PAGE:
New England tries to hang on
If there was an upside to the pandemic, it was telehealth. For many patients, particularly those with mental health issues, telehealth was both convenient and necessary. Unfortunately, now that insurance coverage is increasingly rolling back, patients and clinicians are feeling concerned.
For example, Virginia announced late last year that telehealth visits were “no longer feasible” to thousands of clients. Some private insurance companies rolled back coverage as early as June 2020, with coronavirus levels spiking globally.
In the New England states, Maine, Massachusetts, and New Hampshire had their pandemic-related waivers expire last summer. However, Massachusetts Governor Charlie Baker signed a bill in January 2022 to, in part, expand telehealth services.
Rhode Island’s waiver expired in August 2021 with a caveat that providers who wished to continue care could apply for licensure in the state.
Vermont’s waiver expired in 2021, however Governor Scott signed a bill extending it until the end of March 2022.
Connecticut remains the only New England state to keep telehealth coverage until 2023. The Centers for Medicare and Medicaid also recently stated their coverage would continue through 2023.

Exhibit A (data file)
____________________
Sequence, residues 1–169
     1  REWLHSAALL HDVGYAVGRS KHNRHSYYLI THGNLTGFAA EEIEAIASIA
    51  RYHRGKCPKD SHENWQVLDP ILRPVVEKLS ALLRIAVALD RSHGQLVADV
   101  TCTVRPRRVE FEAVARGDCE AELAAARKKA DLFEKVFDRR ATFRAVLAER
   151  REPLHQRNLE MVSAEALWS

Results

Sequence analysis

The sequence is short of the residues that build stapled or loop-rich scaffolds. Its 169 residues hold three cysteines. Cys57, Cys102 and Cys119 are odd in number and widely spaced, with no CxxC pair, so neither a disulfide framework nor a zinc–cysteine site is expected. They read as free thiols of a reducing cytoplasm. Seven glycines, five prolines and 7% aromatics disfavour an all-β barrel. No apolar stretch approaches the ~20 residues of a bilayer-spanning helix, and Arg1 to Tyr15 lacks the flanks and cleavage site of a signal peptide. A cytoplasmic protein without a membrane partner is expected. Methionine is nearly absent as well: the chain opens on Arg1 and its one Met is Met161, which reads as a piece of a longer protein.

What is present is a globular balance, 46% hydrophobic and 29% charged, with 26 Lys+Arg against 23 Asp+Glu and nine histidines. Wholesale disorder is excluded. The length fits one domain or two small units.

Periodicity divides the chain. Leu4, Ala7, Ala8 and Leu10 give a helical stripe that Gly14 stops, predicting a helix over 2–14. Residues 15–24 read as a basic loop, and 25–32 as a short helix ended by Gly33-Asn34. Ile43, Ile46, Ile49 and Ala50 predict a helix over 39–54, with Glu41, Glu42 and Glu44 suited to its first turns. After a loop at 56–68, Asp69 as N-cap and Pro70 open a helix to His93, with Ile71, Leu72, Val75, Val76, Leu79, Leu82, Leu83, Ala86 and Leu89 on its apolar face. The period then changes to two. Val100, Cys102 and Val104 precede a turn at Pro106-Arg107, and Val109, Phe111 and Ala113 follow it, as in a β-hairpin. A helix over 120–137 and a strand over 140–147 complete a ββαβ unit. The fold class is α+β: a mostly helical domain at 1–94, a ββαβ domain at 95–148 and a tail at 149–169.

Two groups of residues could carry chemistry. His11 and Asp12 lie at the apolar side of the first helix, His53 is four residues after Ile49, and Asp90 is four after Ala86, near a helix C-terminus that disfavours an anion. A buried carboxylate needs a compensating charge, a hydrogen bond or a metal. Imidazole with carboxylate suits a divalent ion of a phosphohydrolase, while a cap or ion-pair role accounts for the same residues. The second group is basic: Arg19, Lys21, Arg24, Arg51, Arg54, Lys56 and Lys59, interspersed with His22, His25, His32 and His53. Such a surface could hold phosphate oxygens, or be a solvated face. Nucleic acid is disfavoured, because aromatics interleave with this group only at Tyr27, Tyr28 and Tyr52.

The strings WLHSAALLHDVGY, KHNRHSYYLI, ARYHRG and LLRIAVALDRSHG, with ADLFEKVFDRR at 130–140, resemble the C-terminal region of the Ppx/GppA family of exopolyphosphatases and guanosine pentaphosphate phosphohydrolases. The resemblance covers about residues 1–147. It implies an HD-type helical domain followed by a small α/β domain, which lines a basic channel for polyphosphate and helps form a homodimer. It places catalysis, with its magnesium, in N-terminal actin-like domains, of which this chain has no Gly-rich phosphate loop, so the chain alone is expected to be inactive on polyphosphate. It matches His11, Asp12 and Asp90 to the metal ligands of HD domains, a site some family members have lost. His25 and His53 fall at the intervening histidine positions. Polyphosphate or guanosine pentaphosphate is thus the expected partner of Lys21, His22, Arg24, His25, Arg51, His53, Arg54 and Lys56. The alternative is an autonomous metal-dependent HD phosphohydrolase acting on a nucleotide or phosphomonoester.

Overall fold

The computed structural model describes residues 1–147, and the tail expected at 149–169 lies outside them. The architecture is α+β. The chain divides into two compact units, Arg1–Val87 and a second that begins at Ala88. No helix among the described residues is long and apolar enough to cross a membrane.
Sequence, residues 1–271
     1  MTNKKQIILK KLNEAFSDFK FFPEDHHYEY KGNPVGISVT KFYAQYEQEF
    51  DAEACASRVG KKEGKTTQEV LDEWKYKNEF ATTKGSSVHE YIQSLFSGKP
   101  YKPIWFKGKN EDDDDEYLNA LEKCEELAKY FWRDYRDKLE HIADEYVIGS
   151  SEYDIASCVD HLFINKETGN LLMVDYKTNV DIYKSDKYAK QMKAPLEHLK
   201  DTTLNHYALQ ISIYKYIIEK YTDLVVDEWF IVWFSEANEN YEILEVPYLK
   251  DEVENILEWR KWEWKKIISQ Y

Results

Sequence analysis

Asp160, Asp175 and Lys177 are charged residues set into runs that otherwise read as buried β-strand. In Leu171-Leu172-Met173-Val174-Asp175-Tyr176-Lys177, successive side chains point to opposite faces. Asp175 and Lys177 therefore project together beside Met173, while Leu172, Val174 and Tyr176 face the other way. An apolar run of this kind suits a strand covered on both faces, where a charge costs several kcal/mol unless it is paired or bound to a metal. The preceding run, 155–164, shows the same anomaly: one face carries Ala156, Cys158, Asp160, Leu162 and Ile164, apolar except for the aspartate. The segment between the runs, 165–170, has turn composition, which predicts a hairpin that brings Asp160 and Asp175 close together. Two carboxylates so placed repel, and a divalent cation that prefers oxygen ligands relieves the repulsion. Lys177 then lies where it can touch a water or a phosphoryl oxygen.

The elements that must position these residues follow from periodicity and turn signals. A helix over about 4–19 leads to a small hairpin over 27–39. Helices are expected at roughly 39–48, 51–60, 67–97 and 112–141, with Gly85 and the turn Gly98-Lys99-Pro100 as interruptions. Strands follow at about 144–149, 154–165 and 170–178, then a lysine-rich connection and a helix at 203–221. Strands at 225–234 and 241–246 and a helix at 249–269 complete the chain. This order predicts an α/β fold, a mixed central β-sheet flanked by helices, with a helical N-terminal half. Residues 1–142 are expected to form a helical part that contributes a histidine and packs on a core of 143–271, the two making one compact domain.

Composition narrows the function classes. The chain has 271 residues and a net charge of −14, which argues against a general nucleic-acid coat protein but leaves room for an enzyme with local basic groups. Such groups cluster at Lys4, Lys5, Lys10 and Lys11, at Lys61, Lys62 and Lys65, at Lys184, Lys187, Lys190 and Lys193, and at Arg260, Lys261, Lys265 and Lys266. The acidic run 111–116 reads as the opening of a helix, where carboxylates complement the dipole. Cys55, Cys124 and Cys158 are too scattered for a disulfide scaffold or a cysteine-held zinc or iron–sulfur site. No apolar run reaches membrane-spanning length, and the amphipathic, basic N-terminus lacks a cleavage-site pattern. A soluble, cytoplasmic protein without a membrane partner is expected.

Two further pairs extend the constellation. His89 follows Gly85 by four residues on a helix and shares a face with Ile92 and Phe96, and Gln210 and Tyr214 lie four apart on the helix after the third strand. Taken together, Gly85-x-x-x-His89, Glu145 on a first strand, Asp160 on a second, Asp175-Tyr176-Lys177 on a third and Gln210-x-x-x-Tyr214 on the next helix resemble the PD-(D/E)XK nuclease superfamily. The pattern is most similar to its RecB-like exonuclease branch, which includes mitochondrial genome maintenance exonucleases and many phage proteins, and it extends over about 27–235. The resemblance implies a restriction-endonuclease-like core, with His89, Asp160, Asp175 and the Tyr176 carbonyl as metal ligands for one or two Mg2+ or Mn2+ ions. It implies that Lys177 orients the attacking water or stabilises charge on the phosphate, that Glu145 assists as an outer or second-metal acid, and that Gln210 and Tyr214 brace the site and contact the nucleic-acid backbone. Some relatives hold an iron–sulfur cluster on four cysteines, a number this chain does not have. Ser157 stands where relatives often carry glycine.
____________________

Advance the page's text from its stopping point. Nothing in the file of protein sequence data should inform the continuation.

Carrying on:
But what does that mean for the future?
The answer may depend on which healthcare plan you have. According to an October 15, 2021, Kaiser Health News report, some insurance plans are requiring the first visit for non-emergency primary care to be online.
For example, Harvard Pilgrim Health Care, serving Connecticut, Maine, and New Hampshire, has such a plan.
But while online visits are easily accessible for most people, many see a downside, particularly when it comes to mental health care. The body language necessary for some practitioners to pick up on bigger problems can be muted.
Michael Koren, Psy.D, clinical psychologist at Brighter Life Therapy in Cambridge, Mass., said that’s one of the negatives in telehealth.
“Telehealth has its challenges,” he said. “I rely a lot on non-verbal communication and it’s difficult to track eye movement on a video screen. With eye movement, I can also gauge interest or attention, whereas in a video they actually might be looking at something else.”
Koren noted there are patients who benefit from telehealth—those who are more “high functioning”—while others with more severe issues would be better off face to face with their practitioner. “I also don’t have to worry about suicidality in high functioning patients,” he said.
Marlene Maheu, Ph.D, executive director of Telebehavioral Health Institute (TBHI) in San Diego, Calif., reiterated Koren’s viewpoint.
“The best candidates for telehealth are those that are less disordered than others. It can help anybody if they are in a safe environment,” she said. “It works if people have enough privacy to speak in confidence, if they are not suicidal or in an abusive situation.”